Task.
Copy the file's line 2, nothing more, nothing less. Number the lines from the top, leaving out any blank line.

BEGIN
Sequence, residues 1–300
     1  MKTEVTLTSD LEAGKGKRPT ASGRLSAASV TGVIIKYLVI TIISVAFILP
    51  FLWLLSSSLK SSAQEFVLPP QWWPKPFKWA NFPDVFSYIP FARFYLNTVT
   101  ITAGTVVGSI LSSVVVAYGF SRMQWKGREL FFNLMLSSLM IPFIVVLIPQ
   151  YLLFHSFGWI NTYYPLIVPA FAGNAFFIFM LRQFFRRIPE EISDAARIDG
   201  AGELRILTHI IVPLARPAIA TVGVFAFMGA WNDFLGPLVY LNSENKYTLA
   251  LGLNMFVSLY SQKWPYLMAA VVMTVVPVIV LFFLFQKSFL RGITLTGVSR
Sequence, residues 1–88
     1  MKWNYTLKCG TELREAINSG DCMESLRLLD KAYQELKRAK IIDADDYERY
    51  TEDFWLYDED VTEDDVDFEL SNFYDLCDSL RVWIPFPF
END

     1  MKTEVTLTSD LEAGKGKRPT ASGRLSAASV TGVIIKYLVI TIISVAFILP